One-legged Biker

If you follow me on Twitter, you probably know that I commute to work by bike. It's an easy way for me to squeeze exercise in without taking extra time away from my family and other obligations, there's a great infrastructure for it here in Portland, and it allows me to one-up those sanctimonious Prius drivers. (Win-win-win!) I've been called "hard-core" more than once as I've ridden to work in the pouring rain, hail, snow and wind. Hard-core? Hard-core is those guys on fixies who race past me up the hill without breaking a sweat. Or those folks who scream at cars that don't leave enough room in front of the bike box. I am not hard-core.

I'm not above muttering complaints about the weather, the hill, the errant squirrels darting in front of me, the exhaust fumes, and the wardrobe limitations imposed by my bike-commute. I am a whiny bike commuter.

But a few weeks ago, I rounded a corner on my daily commute (grousing under my breath about the bitterly cold wind and the threatening gray clouds) and found myself behind a one-legged biker.

That stopped my grousing cold. More than that, it made me re-think my commitment to bike commuting. Because if I lost a leg, I'm pretty sure I would give up biking.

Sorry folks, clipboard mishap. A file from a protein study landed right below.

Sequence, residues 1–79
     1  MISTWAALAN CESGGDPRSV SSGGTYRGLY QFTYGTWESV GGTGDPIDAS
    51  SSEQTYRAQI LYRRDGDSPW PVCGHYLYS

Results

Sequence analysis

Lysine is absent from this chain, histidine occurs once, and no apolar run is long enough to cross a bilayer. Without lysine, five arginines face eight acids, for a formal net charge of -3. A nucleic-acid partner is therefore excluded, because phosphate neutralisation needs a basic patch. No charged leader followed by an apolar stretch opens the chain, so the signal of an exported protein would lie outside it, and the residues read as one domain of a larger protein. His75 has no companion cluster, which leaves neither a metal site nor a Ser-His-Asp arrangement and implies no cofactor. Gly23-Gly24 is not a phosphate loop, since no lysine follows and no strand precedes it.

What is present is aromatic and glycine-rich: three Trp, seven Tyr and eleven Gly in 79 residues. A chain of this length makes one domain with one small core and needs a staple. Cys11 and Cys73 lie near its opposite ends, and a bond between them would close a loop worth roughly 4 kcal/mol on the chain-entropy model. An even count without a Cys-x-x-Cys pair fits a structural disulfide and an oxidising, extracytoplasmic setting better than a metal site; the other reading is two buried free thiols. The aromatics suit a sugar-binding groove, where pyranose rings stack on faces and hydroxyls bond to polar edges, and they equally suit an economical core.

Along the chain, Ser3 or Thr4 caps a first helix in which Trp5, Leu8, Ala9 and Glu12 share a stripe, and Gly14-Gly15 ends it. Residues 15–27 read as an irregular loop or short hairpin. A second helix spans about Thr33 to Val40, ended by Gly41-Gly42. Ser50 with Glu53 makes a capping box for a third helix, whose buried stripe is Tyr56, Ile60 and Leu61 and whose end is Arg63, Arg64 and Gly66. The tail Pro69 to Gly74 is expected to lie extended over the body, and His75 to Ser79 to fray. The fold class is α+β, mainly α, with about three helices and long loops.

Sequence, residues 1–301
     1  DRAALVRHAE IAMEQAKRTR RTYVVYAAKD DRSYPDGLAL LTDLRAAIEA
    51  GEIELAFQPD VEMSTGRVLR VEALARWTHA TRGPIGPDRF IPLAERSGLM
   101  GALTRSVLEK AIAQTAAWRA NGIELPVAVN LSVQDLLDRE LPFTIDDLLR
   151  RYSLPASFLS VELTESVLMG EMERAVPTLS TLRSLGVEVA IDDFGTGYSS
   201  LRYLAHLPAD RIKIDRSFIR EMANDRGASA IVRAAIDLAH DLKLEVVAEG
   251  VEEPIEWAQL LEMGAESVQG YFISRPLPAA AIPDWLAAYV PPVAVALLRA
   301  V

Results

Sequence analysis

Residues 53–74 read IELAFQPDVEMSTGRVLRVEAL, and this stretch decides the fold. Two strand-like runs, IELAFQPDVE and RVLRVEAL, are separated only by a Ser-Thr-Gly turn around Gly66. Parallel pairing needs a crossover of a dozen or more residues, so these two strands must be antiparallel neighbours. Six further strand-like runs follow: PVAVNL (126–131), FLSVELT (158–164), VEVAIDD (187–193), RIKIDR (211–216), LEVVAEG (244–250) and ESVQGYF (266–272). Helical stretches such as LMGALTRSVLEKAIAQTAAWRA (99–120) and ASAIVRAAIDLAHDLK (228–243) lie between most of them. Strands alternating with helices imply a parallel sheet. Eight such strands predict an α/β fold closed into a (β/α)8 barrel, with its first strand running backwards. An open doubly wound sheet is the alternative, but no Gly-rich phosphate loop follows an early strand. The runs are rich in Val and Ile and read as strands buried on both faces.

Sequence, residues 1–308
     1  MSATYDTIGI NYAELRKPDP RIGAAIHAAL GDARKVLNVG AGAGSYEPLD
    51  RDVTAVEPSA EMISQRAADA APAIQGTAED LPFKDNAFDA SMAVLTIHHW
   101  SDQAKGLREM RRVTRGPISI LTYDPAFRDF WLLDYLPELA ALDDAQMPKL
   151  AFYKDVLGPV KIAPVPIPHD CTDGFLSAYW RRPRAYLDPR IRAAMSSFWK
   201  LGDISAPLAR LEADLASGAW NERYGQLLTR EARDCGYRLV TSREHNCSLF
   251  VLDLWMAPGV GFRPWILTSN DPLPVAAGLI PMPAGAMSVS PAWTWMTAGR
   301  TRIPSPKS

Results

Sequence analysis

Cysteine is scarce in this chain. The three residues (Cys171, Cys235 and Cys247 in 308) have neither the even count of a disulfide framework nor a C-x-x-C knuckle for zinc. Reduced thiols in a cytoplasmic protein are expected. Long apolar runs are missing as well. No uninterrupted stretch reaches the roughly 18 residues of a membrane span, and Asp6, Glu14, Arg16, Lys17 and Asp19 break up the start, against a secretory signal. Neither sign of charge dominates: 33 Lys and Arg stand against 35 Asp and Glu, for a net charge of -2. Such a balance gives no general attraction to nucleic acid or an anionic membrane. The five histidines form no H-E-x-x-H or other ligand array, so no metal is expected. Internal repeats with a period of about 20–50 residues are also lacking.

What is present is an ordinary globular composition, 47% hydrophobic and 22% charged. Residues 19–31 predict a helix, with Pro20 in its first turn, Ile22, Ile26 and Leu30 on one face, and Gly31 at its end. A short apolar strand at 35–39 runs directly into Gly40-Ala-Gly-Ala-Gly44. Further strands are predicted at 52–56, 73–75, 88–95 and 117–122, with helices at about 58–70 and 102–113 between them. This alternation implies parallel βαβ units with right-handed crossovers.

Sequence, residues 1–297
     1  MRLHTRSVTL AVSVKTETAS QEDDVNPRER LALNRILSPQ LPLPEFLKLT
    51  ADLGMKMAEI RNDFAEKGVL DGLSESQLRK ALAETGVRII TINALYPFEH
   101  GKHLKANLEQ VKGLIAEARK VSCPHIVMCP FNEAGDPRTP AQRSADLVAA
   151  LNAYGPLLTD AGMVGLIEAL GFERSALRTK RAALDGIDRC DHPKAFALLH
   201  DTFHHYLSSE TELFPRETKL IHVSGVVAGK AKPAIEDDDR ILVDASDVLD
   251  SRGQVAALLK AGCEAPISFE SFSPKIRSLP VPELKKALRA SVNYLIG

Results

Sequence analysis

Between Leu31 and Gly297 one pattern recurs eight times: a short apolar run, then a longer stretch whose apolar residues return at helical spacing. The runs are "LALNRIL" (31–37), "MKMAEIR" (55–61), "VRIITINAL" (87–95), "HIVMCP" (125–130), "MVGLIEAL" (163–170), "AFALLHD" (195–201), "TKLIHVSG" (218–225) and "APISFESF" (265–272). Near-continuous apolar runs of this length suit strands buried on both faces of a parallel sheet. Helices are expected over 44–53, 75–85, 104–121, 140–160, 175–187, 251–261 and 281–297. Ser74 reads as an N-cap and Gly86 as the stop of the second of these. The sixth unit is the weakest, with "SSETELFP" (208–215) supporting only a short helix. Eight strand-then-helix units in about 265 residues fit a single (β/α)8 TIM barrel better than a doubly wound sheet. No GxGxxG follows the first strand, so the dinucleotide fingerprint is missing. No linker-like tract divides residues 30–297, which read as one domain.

Clearly, I wouldn't have to. Here, riding twenty feet in front of me, was proof that if I wanted to, I could continue biking even in the face of a lost limb.

Now, I don't know if that biker had a special, transcendent passion for biking, or if he lost his driver's license, or if he couldn't afford parking downtown and hated the smell of the bus. I don't want to apply some there-but-for-the-grace-of-God sentimentality to his situation, which I know next to nothing about.

But whatever his reasons, he had committed to riding his bike when that can't have been the simplest option, the path of least resistance.

Nonprofits are often faced with projects that take every ounce of perseverance for them to complete. Lack of money, staffing problems, red-tape and bureaucracy can all conspire to make every battle an uphill one. But the most effective organizations don't give up. They take setbacks in stride and continue pursuing their goals, even if, to outsiders, it may seem impossible.

That kind of perseverance inspires donors. Those stories about the times you overcame huge odds to move mountains are fundraising gold. Collect them. Share them with your staff and your donors. And remember them when the going gets tough again, as it inevitably does.

I only followed the one-legged biker for a few blocks before I turned to continue on my way to work. I didn't have the chance to study how he accomplishes what in my head seems like an impossible task.

But the memory of those few blocks has stayed with me. I challenge you to find your own one-legged biker. What inspires you to keep going? What makes you approach your projects with the creative energy of someone who would choose to bike through rainy Portland streets with only one leg?